Immunity & infection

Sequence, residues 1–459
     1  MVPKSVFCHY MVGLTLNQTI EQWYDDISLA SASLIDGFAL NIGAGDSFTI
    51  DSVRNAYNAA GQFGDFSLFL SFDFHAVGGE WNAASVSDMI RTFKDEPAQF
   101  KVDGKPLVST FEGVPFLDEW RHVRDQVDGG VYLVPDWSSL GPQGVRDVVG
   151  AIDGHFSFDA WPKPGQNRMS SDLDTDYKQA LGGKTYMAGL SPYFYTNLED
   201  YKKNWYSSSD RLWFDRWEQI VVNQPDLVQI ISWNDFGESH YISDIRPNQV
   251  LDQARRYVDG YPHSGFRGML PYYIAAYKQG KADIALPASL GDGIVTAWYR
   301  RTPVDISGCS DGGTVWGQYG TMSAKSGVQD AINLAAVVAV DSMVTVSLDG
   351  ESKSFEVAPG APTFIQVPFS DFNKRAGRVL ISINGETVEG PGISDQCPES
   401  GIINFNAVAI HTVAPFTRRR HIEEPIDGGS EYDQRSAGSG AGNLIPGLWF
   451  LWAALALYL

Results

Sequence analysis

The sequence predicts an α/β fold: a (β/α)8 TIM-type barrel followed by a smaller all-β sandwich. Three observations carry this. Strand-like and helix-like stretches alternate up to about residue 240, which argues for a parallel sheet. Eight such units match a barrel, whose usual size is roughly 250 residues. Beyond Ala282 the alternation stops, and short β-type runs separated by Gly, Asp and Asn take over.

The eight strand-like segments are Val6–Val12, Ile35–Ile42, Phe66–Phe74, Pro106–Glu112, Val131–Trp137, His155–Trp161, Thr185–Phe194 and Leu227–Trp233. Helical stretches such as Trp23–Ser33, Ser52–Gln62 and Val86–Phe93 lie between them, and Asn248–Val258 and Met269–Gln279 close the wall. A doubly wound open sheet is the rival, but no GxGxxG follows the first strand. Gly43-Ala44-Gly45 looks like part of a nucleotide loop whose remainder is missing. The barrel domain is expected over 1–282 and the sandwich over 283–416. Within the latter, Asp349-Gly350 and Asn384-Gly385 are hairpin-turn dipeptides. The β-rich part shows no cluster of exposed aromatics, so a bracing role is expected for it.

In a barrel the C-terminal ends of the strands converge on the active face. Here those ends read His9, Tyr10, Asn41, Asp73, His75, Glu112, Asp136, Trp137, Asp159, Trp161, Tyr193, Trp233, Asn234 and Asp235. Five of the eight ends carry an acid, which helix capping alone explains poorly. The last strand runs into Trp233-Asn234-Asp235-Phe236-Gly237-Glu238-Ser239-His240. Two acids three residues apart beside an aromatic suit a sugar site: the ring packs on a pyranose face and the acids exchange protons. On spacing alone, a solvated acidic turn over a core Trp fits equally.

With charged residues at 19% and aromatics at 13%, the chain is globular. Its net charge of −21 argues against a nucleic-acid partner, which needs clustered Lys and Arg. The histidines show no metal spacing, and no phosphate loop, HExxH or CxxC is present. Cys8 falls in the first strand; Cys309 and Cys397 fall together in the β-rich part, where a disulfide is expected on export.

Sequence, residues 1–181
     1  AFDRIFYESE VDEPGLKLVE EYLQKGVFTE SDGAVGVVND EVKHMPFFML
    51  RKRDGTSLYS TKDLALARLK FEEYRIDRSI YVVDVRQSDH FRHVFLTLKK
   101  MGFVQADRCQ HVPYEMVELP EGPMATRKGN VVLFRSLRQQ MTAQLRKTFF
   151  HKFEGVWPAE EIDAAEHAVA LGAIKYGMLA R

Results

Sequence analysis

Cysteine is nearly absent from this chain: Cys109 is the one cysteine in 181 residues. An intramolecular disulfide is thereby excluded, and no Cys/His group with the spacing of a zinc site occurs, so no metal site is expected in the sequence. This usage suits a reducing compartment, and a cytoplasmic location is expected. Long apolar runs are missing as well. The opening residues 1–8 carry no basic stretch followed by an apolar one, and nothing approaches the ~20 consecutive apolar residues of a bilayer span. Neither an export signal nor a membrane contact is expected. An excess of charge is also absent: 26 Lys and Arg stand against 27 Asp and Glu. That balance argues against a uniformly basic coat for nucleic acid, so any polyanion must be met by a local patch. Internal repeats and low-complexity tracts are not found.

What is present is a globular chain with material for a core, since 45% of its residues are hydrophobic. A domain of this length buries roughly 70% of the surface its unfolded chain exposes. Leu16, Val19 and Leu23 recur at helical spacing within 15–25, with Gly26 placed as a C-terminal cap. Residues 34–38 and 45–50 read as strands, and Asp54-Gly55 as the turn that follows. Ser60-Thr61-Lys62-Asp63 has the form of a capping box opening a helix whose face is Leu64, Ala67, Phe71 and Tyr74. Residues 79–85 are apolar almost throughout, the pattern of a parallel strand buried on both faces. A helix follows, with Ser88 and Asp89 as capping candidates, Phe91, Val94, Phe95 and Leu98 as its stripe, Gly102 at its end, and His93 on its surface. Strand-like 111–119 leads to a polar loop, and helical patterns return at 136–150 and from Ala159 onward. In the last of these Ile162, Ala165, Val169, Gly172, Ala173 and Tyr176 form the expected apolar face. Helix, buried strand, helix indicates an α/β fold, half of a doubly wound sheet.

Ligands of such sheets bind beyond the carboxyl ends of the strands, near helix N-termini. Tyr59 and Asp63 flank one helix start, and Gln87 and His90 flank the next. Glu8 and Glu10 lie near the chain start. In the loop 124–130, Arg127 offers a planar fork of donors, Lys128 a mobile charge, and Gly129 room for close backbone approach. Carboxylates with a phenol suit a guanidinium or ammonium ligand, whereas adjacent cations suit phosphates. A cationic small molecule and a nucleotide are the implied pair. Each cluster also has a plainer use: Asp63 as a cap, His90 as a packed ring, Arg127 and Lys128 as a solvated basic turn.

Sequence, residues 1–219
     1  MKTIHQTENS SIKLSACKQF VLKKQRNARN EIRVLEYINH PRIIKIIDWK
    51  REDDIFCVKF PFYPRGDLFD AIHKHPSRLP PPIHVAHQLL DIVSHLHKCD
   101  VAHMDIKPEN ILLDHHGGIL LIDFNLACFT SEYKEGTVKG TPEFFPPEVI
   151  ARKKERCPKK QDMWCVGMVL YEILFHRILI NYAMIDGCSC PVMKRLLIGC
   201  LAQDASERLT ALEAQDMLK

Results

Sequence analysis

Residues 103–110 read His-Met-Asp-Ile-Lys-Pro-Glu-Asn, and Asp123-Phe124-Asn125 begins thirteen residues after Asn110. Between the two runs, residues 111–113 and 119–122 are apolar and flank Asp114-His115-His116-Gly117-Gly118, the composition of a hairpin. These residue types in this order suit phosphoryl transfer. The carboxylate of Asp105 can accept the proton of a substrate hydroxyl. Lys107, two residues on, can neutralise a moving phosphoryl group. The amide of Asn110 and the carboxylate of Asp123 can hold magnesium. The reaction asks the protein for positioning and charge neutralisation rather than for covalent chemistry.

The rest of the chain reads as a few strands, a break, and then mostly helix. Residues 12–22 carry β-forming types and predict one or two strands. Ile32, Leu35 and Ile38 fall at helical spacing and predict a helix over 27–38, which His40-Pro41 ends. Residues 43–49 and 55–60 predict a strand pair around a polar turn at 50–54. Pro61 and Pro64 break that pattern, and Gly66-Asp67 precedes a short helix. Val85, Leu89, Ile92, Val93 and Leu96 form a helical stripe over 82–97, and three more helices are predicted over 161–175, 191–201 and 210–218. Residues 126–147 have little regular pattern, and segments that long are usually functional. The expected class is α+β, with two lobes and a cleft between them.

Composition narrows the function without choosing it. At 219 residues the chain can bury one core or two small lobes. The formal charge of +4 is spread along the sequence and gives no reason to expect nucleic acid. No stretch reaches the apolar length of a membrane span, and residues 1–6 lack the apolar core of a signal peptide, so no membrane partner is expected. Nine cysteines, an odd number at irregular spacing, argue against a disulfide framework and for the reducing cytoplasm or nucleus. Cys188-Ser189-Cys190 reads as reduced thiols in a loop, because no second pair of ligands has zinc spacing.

Staphylococcus aureus is the leading cause of skin and skin structure infection (SSSI), a primary portal of entry for invasion. Our previous studies discovered a role for protective immune memory against methicillin-resistant S. aureus (MRSA) SSSI. Prior infection (priming) protected against localized and disseminated infection at day 7 post-infection (late) in SSSI, but not at day 2 (early). Protective cytokines in skin included increased IL-17, IL-6, MIG and RANTES, while increased IP-10 correlated with protection from dissemination. Here, we characterized evolution of cellular immunity over time (early vs. late) and space (skin abscess; draining inguinal lymph node [iLN]; spleen) in naïve versus primed mice during MRSA SSSI. Early CD4+ Th1 and Th17, and CD8+ T cell subset infiltration in skin, relative to CD4+ subset egress from iLN, corresponded to protection in abscesses of primed mice. Early and late M1 macrophage (Mf) accumulation in skin and iLN correlated with protection in abscesses. In the spleen, priming resulted in gd-T, NK, ILC1 and dendritic cell accumulation during early SSSI. However, Th17, ILC2 and ILC3 populations dominated during late infection, corresponding to protection in the spleen. Together, these findings indicate that priming induces sustained T cell and M1 Mf responses in skin, but late ILC responses in spleen correlating with protective immune memory. This pattern of results reveals coordinated temperospatial evolution of cellular immune memory during MRSA infection. Such immune cell signatures likely synergize with other immune effectors in respective tissues. These insights provide new targets for vaccine and immunotherapeutic strategies against MRSA.